Red door flickr

The poor door and a culture of (non) encounter


New York City is being exposed at some unflattering angles, as the Department of Housing Preservation and Development approved plans for a mixed-income building on the Upper West Side that includes separate entrances for the "affordable housing" residents and their wealthier building-mates, who will be living in river-front condos. The stated reasoning behind the separate entrance is that the two sides of the building (the wealthier occupants of the building will have river-front views, whereas the less wealthy folks will have street views) are legally separate entities, and therefore ought to have separate entrances.

Of course, the legal argument also marks a convenient excuse for having entrances that shield the Upper Crust from interaction with and exposure to people who are not of their same social stature. When Pope Francis talks about the culture of encounter, this is exactly the sort of thing that he can point to and say "See? Don't do THAT!" This segregation that exists between the haves and have-nots is not just figurative. There are literal walls (and doors!) between the lives of the very rich and those of the poor. And so long as we continue to construct those walls and accept social and economic structures that reinforce those walls, we cannot hope to actually treat the poor with the full dignity they are due.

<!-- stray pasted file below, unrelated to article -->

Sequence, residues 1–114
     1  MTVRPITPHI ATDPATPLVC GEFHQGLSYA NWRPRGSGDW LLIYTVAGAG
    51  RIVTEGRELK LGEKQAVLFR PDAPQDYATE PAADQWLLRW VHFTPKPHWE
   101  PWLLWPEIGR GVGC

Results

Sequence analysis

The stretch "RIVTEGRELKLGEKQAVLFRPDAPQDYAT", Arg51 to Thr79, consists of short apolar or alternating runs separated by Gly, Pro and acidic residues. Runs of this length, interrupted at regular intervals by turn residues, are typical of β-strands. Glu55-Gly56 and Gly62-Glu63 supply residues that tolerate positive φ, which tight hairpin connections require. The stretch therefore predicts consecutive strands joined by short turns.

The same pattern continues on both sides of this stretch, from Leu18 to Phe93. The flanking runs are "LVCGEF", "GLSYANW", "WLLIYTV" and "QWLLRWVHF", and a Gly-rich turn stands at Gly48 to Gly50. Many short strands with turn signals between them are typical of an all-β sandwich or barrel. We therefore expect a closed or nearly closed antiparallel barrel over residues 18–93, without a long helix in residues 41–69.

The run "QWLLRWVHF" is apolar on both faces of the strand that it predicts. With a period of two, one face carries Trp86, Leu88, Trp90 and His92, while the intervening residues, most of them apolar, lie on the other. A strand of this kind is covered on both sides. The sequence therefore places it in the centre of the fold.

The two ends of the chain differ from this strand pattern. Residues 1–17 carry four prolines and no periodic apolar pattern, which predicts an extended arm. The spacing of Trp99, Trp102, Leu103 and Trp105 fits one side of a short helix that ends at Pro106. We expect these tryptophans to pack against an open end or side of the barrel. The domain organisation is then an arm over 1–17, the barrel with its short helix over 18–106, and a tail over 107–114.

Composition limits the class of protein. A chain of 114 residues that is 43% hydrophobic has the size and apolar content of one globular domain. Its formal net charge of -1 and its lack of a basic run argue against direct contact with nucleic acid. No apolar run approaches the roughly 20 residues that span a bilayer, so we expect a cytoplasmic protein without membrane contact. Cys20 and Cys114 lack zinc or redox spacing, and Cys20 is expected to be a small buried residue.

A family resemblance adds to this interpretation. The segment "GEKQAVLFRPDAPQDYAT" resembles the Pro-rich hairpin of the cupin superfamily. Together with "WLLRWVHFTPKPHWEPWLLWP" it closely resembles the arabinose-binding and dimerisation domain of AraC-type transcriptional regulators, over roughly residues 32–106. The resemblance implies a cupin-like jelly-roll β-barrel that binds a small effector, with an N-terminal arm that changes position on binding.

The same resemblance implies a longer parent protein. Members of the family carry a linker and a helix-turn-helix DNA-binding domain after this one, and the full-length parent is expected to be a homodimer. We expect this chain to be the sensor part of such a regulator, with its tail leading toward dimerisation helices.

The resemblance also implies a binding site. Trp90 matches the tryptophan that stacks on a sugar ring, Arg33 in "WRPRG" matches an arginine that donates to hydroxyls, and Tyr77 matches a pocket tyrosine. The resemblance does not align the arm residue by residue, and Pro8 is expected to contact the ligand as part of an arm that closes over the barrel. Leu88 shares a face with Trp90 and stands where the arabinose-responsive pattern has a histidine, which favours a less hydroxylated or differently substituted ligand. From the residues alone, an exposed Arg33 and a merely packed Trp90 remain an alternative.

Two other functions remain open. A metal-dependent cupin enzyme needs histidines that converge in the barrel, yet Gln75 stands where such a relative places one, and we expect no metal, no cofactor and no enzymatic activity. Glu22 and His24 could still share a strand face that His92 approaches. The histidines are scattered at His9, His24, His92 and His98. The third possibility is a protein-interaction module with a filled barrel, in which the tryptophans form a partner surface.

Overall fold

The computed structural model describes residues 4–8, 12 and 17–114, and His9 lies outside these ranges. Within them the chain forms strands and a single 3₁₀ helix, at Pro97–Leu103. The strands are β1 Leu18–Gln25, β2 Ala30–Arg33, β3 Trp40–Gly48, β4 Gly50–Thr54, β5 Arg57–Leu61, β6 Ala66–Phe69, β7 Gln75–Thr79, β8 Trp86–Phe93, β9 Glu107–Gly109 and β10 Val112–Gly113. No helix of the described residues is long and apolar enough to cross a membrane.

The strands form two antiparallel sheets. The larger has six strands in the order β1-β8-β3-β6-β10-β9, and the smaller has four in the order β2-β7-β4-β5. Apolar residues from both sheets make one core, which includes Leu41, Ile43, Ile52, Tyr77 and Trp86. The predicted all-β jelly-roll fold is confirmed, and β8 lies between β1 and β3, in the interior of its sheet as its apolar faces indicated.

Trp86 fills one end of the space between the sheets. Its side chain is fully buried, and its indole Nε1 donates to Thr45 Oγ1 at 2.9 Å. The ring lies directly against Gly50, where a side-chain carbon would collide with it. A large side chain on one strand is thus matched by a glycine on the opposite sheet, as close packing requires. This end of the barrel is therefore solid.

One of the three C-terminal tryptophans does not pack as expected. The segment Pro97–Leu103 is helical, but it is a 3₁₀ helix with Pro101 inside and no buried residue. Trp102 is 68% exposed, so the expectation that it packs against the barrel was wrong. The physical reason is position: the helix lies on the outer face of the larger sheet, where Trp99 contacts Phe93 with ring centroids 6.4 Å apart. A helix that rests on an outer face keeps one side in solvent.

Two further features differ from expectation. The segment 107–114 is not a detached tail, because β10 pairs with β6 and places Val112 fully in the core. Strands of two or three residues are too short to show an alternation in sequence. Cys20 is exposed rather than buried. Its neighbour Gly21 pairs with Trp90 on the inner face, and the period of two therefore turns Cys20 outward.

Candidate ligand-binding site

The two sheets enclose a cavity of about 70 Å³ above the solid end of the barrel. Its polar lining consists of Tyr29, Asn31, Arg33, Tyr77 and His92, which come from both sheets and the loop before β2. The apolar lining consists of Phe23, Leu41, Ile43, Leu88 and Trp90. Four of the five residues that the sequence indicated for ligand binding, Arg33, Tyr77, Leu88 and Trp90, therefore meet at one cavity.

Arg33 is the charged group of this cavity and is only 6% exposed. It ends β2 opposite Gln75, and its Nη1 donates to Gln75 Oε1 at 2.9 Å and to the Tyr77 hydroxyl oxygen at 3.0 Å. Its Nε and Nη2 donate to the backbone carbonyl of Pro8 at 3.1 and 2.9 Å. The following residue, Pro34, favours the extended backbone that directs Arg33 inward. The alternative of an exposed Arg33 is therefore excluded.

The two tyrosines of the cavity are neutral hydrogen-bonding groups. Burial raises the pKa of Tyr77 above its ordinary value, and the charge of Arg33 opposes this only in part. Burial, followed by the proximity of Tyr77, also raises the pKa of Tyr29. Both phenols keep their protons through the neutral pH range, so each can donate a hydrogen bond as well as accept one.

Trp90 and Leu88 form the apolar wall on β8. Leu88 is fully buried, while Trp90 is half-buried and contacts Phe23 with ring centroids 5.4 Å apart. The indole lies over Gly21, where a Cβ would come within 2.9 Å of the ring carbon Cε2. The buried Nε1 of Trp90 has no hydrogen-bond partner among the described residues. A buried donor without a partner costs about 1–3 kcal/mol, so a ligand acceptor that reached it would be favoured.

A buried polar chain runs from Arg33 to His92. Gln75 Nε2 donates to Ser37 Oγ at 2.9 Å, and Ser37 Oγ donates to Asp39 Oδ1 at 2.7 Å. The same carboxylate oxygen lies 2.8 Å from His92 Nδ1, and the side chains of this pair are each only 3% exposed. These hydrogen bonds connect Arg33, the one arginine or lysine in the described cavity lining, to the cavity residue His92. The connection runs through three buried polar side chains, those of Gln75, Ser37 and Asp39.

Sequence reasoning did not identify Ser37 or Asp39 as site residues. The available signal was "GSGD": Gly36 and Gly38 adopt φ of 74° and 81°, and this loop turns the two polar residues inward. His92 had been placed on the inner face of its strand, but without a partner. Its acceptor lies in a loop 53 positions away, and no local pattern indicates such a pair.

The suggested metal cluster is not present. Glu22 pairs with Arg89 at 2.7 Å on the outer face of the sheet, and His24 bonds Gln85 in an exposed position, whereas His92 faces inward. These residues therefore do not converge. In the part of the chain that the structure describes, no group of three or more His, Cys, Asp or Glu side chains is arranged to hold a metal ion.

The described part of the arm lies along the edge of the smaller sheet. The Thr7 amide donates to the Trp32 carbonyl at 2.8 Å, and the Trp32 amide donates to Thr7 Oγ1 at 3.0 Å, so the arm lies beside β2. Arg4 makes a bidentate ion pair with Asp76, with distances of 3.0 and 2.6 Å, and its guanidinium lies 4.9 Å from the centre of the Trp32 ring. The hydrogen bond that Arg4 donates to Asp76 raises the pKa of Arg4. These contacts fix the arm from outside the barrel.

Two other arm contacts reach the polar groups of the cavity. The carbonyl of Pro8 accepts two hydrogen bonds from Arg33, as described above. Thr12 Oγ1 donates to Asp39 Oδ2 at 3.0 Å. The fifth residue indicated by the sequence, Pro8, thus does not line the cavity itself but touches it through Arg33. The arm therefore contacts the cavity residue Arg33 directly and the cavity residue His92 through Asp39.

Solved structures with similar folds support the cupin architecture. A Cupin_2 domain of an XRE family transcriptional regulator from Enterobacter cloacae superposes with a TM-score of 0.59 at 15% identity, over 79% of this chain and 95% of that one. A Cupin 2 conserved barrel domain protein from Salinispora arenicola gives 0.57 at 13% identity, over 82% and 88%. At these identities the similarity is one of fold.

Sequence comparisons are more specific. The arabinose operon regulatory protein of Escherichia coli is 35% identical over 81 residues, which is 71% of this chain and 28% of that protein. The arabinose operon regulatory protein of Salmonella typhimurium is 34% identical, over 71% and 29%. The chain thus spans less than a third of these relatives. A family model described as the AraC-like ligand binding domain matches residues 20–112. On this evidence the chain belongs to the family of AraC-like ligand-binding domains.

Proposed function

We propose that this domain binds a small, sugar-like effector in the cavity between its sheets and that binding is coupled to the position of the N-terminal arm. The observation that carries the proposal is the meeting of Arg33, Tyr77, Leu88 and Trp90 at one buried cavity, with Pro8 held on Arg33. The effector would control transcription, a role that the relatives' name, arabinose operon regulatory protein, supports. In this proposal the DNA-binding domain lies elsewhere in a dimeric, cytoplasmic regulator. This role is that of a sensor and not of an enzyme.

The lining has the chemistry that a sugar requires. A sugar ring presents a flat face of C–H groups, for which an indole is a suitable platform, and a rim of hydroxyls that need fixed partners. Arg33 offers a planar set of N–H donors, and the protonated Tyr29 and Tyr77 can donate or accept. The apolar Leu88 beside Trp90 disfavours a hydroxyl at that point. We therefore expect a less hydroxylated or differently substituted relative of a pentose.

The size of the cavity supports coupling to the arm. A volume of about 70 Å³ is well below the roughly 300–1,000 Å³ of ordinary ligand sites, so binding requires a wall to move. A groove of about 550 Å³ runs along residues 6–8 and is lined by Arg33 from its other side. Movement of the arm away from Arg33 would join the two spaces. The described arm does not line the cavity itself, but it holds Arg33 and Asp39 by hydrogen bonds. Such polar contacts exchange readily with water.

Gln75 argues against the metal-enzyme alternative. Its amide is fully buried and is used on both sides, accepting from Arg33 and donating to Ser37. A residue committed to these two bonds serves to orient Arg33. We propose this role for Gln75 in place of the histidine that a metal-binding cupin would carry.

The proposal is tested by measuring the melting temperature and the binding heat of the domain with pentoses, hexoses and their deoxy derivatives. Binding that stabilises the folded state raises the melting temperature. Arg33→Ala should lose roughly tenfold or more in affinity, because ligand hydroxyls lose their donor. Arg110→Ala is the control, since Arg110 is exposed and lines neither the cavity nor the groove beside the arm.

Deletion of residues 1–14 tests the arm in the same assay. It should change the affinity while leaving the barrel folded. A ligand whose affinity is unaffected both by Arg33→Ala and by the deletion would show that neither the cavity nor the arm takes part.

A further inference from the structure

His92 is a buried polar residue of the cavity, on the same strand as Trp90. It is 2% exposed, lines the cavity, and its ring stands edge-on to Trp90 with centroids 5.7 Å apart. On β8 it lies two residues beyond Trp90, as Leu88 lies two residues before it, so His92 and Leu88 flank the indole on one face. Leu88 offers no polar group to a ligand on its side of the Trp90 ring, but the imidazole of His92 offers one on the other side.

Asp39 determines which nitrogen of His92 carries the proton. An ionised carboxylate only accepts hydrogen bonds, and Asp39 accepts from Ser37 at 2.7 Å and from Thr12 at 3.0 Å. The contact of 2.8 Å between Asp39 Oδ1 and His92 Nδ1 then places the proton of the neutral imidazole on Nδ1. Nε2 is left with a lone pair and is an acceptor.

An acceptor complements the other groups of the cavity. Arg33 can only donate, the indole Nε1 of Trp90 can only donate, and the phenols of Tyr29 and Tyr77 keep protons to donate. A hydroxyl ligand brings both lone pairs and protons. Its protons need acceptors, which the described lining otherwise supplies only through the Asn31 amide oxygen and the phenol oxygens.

In all honesty, I don't think that I can say it any better than our good friend, Stephen Colbert. So I'll leave you with this.





Image: Flickr photo cc by Wayne Wilkinson.

About the author

Kira Dault

Kira Dault is a former associate editor of  U.S. Catholic.